Joyce Henderson describes volunteering as ‘natural.’
“When you’re living in a community you really love, and you see an opportunity to help out, it’s just natural,” she said.
This natural tendency she and her spouse John share is seen as deserving of recognition by others. On May 10, John and Joyce Henderson were one of 25 recipients of the 2021 BC Achievement Community awards presented by the BC Achievement Foundation.
Although there wasn’t an official ceremony because of the pandemic, Premier John Horgan said of the recipients in a news release: “As a result of their commitments to causes beyond themselves, they have ensured that B.C. is a better province for all of us.”
Anne Giardini, chair of the foundation, remarked: “This year’s recipients exemplify the spirit of the Community Award. Celebrating their achievements honours the very best of our province and inspires us all to public service and excellence.”
While Joyce said she and John are very honoured, they think the recognition could have gone to any number of people.
“It seems really strange to be given this award, because we just do what is natural to do. There are so many people who volunteer in this community and make a difference in the richness of life in this community, that it seems almost wrong to pick out one couple.”
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The description of the Hendersons in the news release notes that as medical professionals – John a doctor and Joyce a nurse – their path was always one of service. Some of the organizations listed they have given time and energy to include: Shuswap Theatre Society, Shuswap Community Foundation, the Good Food Box, the First United Church Ghana Project and Salmon Arm Minor Hockey. It notes that through the community foundation, they support students at UBC Okanagan who are involved in international community development projects.
Although the Hendersons were being recognized for their volunteering in the Shuswap, they have not limited their contributions to this region. In the mid-1970s they went with their four children, now in their fifties, to rural Kenya to volunteer for a year. Over the next 30 years John and Joyce volunteered in Kenya two more times. When Joyce retired as a nurse, she taught nursing for a semester at a university in Ghana.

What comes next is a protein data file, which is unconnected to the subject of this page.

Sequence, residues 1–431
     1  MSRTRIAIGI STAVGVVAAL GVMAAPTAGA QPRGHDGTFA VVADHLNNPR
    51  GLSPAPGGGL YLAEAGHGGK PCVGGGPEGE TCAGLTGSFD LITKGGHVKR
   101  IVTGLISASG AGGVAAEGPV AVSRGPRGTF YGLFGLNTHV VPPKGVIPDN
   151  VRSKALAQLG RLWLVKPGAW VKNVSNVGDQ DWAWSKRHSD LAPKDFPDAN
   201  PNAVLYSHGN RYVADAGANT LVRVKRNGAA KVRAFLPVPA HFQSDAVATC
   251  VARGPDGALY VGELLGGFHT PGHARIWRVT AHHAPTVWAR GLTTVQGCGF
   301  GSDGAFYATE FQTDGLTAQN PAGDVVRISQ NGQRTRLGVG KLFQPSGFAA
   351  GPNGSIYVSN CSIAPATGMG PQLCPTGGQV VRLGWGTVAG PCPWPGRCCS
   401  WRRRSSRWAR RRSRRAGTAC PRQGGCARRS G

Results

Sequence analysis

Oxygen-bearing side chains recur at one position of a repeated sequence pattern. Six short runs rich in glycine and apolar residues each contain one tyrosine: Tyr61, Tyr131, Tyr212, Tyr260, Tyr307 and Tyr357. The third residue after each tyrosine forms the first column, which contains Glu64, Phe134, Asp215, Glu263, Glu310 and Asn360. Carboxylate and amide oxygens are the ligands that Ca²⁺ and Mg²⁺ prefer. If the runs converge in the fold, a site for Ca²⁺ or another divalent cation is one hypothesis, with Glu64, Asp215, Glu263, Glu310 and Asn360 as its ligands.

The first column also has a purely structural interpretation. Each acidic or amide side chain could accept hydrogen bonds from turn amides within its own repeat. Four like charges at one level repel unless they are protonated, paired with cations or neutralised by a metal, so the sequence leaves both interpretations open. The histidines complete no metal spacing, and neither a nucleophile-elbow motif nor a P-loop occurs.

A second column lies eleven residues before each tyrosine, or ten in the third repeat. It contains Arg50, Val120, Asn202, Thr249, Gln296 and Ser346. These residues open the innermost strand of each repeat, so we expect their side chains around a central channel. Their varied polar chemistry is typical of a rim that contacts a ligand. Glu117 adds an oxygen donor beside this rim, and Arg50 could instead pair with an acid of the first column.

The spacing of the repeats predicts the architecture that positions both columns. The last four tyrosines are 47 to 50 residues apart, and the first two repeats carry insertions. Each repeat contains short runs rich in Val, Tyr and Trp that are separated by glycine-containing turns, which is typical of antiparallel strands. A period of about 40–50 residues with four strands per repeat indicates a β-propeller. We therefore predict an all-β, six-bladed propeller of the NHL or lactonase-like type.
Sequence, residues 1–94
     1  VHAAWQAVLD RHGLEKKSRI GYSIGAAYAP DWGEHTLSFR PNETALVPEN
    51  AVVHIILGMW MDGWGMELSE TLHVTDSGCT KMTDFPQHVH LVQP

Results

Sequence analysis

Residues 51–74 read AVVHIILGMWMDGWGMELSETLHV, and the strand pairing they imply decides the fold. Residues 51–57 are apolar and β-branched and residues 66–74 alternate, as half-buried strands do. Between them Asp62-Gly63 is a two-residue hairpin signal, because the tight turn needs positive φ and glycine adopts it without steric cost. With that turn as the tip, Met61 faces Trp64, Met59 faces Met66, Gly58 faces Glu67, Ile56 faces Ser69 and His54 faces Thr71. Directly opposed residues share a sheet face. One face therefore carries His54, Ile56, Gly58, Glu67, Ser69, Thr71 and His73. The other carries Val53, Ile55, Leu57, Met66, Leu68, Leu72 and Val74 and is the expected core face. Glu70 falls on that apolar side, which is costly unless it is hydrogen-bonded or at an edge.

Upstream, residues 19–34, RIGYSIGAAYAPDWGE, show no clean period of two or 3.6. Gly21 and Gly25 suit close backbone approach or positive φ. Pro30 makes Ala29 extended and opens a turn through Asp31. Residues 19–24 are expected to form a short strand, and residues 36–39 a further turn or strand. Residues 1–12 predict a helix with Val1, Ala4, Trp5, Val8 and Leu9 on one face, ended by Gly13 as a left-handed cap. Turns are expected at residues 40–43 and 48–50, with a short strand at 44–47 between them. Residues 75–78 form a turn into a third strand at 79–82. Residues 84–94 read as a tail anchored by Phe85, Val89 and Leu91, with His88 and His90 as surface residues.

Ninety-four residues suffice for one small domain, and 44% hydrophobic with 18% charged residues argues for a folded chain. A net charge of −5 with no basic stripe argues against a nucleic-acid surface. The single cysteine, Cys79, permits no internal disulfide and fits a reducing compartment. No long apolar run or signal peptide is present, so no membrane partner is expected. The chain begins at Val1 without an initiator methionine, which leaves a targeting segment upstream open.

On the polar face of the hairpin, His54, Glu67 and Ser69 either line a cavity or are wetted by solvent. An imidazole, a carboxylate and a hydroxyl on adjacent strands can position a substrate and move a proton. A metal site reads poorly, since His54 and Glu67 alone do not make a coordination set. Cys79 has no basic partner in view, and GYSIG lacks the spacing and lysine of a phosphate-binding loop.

Asked to choose an organization in Salmon Arm she has particularly enjoyed volunteering with, Joyce said Shuswap Theatre. She found it satisfying the way the thinking changed to begin spending funds to take care of the building.
Asked if she ever acted, she recoiled in her chair.
“No, heavens no. There’s enough drama being off the stage than being on it,” she laughed. “I was really just on the board. You had to have a good board, supportive of what happened on the stage for good things to happen on the stage. Though I was not on the stage I felt I had an influence.”
John singles out the Salmar Community Association, whose board he was on for about 20 years. He pointed to building the Salmar Grand and, with a laugh, said, “It was very fun because you got into the movies for free.”
He noted that volunteering is a good way to make friends.
John served on the school board for about 10 years and city council for two.
Joyce said volunteering made her and John feel more a part of the community.
“I remember with the loppet, because I was involved for years in timing and doing the awards ceremony, and I participated, when I finished that I remember just going, and watching wasn’t nearly as much fun as being involved.
“I think when you’re involved in the community, it’s more in your heart than if you’re just sitting here as a spectator…”
More recently John and Joyce have slowed down their volunteering and help with the Good Food Box once a month, but they still contribute in other ways to other organizations.
Joyce gave an example.
“When you think about the Trail Alliance, the Trail Alliance is a phenomenal organization. When you think about how many groups they have drawn together to make a difference around trails… In my current view of the world, I’ll give money to them but I won’t be out there digging…”
Mayor Alan Harrison noted the Hendersons were the only couple in the list of 25 recipients chosen in B.C.
He said council will be sure to have a more personal recognition and presentation for them at a later date. He thanked Coun. Sylvia Lindgren for doing the legwork to get the nomination in.
“I have personally worked with both John and Joyce in a number of areas, most recently at the Shuswap Theatre, and I just so appreciate how they just carry on humbly,” Lindgren said. “They’ve donated money, time, talent, countless hours… and they ask for nothing in return.”
Stated the award description: “In every aspect of the Salmon Arm community, from arts and culture, to health care, education and the environment, their contributions can be felt.”
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